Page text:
“I went to an all-girls secondary school where agriculture as a subject was not taught and not encouraged as a career path,” explained Chloe Millar.
“I remember being told that I would never get anywhere pursuing agriculture as a career path purely because I was a woman.”
The third-generation farmer did not let that negative advice hold her back from achieving the career success she desired. The Kildorrery, Co. Cork native studied a formal agricultural degree and now works as a research technician with Teagasc.
Dairy and sheep enterprise
Whilst working full-time, she is also involved in the family farm, which is steeped in tradition.
She plays a role in the running of the dairy/calf-to-beef/sheep farm with her parents and older sister, Olga.
They farm a 120-cow spring-calving herd, mainly Holstein /British Friesians. The Millars also have pedigree Zwartbles and Valais Blacknoses and commercial Dorsets and Vendeens.
They AI cows and heifers for six weeks, utilising beef bulls for the last two weeks on cows only and using two Limousin stock bulls thereafter.
“We calve in early January – aiming to have everything calved in 8 weeks. We rear all calves to a year-and-a-half stage and sell to same local beef farmers in our area each year for finishing.”
“All ewes and hoggets are sponged on July 1st and lamb in December – I aim to have them all lambed before the calving begins,” Chloe added.
“I enjoy being outdoors and working with livestock and machinery. Although Olga and I work outside of the farm, the running of the farm is a joint effort.”
“We share everyday responsibilities between us – for example – a day I wouldn’t be milking I would be on cattle and sheep duty and visa versa.”
Research technician at Teagasc
Chloe juggles these duties with a full-time role with Teagasc, the state agency providing research, advisory and education in agriculture, horticulture, food, and rural development in Ireland.
She moved to fill the position of research technician at Teagasc Moorepark after graduating from Cork Institute of Technology and Clonakilty Agricultural College with a Level 8 BSc degree in agriculture.
“My responsibilities include farm visits nationwide – from herd health checks – scanning or weighing – to grass walks and advisory.”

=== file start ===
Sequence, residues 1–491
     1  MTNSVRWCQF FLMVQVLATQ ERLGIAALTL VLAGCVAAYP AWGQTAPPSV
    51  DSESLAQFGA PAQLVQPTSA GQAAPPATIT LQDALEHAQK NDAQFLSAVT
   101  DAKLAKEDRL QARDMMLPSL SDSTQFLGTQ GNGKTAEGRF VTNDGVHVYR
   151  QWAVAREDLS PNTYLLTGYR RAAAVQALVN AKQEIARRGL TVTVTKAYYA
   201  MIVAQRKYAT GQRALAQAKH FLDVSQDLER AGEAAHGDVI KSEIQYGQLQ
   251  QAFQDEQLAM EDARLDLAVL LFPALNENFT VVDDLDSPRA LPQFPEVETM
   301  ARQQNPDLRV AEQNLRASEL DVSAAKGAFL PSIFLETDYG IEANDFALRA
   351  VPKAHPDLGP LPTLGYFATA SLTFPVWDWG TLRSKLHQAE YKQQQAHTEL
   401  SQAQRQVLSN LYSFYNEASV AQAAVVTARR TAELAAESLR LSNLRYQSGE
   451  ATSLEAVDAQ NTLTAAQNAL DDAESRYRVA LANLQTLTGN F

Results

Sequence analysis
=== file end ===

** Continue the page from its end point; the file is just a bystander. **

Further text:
“I like being able to travel to different farms throughout the country every day,” added Chloe, who has held this position since August 2018.
“For me, the outdoor life and working with animals and machinery is my ideal career. There are many opportunities in agriculture, whether it is rearing calves, milking cows, growing crops or in the food industry. When your career no longer is a ‘job’, it is a good sign of a sector.”
“I am very lucky to work for an organisation that offers equal opportunities to all.”
Along with gaining extensive experience in this role, she has previously worked for agricultural contractors.
“I fuelled this interest by working for our agricultural contractor, Michael and Teresa Kelly, doing all aspects of pit silage contracting.”
From here, she went on to work for John Tobin, a local agricultural contractor specialising in baling, zero-grazing and slurry application. “I have helped John for the last four years and have learned a lot about machinery and different farm systems.”
Women in ag
The Cork native said she been fortunate to have worked for many different farmers in my area undertaking relief milking, general farm jobs and machinery work.
“I have never found any issues. When I drive into a yard or field to go baling, and I’m met with either blank stares or twenty questions – I find it quite funny.”
“Women in agriculture do not get the recognition they deserve. I feel women, in general, feel that they must work that bit harder to get recognition. However, as the saying goes… behind every good man is an even better woman.”
Satisfied is her current role, Chloe looks forward to the opportunities that lie ahead within the ever-evolving agricultural sector.
“I feel that the outlook of agriculture in Ireland is very promising. Brexit will definitely have an effect on the sector, but I feel that as a country, we have the ability to overcome these challenges.”
“Life as a young person in agriculture requires a lot of hard work. I have been very fortunate, growing up to have had a lot of opportunities in the sector to develop my skills and knowledge.”
“The availability of ag science as a leaving cert subject is a great introduction for many to the sector. This subject is not just for students from a farming background and can develop a great love for nature, everything farming and a great foundation for future careers.”
“Schools need to show that agriculture, as a career, opens many gateways into a wide range of industry and research areas and that farming is only one section of this,” she concluded.
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